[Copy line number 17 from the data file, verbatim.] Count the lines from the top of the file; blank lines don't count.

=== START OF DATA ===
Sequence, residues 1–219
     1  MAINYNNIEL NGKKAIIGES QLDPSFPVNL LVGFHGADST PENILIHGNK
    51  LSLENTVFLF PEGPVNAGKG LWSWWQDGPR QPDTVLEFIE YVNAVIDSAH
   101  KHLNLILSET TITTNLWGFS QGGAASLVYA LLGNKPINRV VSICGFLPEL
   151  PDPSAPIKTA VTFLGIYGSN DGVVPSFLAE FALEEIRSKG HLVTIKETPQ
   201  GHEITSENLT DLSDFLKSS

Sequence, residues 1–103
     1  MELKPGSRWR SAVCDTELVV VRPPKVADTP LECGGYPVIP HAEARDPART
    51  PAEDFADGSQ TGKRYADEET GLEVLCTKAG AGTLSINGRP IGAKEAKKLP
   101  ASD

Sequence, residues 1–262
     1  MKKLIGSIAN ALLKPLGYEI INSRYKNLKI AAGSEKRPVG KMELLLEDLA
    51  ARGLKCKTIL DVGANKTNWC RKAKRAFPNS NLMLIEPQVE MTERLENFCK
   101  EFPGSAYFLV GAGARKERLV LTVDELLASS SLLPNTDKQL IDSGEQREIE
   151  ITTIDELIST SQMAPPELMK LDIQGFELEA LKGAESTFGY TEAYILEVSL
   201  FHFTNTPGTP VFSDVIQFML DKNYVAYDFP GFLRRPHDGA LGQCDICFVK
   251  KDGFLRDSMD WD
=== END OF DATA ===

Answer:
   251  KDGFLRDSMD WD